Its a dangerous route to take – to tread the thin line between mass product commodity and premium brand experience – but one that Starbucks sees as crucial to revitalising the brand in the face of a slowing world economy that could hit coffee-lovers where it hurts – their disposable income.
Coupled with a price promotions strategy geared towards encouraging more footfall to the stores and a sense of value around the Starbucks offering, the company is also pinning no small part of its future hopes on a small, sleek stainless-steel saviour, in the form of the Clover coffee machine.
A very clever little machine
The Clover has been the talk of barista circles and coffee clubs across the US since its launch in 2006, with customers even queueing around the block for a cup of this precision beverage. With baristas able to control every aspect of the preparation – dose, water temperature and brew time – the Clover excels in its treatment of single origin coffees with complex flavour profiles.
But thats all coffee geek speak. How does this magical caffeine contraption hold the hopes of Starbucks as a brand on its polished drip-tray?
A key criticism of the Starbucks brand in recent years, which seems to have translated directly to in-store sales, has been the fact that the company is no longer perceived as the little Seattle start-up, purveying great coffee with knowledgeable staff and a relaxed ambience. In an internal memo (leaked to the press, and to me from Wired magazine) from new CEO Howard Schultz, the trouble with the now cumbersome coffee giant was made clear:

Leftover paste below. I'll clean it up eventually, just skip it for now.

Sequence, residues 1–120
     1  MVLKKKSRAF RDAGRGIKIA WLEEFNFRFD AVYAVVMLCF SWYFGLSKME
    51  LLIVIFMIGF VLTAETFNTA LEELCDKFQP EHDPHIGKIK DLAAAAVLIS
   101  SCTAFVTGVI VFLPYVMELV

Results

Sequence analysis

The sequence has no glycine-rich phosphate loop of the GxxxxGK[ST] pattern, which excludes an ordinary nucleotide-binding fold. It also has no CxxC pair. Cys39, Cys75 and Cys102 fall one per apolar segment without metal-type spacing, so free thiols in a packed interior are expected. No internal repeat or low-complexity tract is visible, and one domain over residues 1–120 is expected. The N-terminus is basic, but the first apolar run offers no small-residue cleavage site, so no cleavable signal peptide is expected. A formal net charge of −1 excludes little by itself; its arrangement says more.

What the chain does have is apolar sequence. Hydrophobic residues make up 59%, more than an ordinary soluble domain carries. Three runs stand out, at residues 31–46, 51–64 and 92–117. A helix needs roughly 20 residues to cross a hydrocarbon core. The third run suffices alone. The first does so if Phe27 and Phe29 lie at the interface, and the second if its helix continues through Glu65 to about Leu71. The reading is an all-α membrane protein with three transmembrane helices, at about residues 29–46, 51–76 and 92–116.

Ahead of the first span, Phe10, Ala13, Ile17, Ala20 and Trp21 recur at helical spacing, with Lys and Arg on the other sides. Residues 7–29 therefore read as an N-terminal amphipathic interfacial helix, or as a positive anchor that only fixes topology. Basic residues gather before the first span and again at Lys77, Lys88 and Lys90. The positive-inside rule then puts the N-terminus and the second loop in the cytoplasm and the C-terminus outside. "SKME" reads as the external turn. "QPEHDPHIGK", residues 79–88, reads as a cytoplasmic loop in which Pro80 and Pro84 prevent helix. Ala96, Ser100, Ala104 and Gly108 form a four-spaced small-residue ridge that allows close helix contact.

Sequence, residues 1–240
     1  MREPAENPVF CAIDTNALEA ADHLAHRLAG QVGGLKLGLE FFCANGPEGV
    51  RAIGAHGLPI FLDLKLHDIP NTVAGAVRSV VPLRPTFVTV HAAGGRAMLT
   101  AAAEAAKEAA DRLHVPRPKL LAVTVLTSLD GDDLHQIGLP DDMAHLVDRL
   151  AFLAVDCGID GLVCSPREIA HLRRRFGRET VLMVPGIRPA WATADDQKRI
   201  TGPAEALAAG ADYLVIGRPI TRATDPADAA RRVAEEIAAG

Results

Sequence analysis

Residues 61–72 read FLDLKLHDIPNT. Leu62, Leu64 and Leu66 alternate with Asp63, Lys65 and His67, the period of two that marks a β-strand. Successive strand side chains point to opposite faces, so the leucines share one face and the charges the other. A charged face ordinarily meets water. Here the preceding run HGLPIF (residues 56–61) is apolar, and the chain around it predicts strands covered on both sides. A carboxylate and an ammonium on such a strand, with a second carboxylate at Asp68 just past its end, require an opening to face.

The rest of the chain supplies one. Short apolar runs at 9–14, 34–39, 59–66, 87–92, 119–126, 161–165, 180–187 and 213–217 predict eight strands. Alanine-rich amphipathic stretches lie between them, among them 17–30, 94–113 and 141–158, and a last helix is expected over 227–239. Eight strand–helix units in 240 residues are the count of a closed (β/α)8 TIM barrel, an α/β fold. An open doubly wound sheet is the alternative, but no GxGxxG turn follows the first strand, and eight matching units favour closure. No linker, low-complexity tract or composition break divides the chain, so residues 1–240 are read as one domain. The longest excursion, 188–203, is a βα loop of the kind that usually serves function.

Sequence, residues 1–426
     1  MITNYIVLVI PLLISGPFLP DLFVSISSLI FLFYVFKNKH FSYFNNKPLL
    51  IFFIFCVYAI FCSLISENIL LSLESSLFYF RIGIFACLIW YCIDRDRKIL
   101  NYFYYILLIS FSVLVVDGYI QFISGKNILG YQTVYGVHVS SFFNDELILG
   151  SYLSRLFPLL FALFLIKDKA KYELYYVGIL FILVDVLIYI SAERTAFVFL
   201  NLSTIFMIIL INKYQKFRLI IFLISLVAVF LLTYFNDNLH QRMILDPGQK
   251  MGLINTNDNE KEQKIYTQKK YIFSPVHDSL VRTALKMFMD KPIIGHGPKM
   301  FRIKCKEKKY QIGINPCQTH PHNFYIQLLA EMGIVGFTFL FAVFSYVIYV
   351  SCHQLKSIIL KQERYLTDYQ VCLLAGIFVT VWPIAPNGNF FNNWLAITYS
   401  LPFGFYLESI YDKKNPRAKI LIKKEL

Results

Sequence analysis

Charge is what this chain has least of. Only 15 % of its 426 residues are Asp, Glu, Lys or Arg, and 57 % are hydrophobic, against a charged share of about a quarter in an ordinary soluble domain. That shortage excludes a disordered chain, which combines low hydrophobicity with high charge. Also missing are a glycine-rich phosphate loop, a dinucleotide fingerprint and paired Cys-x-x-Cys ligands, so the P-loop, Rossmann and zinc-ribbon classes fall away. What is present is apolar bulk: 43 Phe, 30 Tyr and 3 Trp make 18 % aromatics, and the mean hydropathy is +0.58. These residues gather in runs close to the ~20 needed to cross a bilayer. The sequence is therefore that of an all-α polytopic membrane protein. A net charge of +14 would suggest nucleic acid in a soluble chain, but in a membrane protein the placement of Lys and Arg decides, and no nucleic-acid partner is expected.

Im not sure people today even know we are roasting coffee. You certainly cant get the message from being in our stores… at a minimum [we] should support the foundation of our coffee heritage.
And Schultz wasnt just frothing at the mouth – he announced sweeping changes to the way Starbucks would operate, bringing the grinding and roasting processes back in-store, and most importantly trialling their secret weapon – the Clover – in some stores.
In my 25 years at Starbucks, the Clover machine unquestionably delivers the best cup of brewed coffee I have ever tasted. The Clover represents for Schultz the future for a Starbucks he envisions as delivering exceptional quality coffee.
Back down under?
So the big question then remains, how will this strange Frankenstein marketing strategy work for the brand? How will it combine price promotions designed to bring in the masses with a strategy geared towards attracting the coffee connoisseur?
And ultimately, will this double threat marketing eventually see Starbucks launch another assault on the Australian market? I think that if the brand manages to turn its fortunes around in the US, we may well again see the green circle on the side of more Australian coffee cups. With its focus on premium coffee, a move back into the Australian market – with its high level of consumer coffee knowledge – is not off the cards.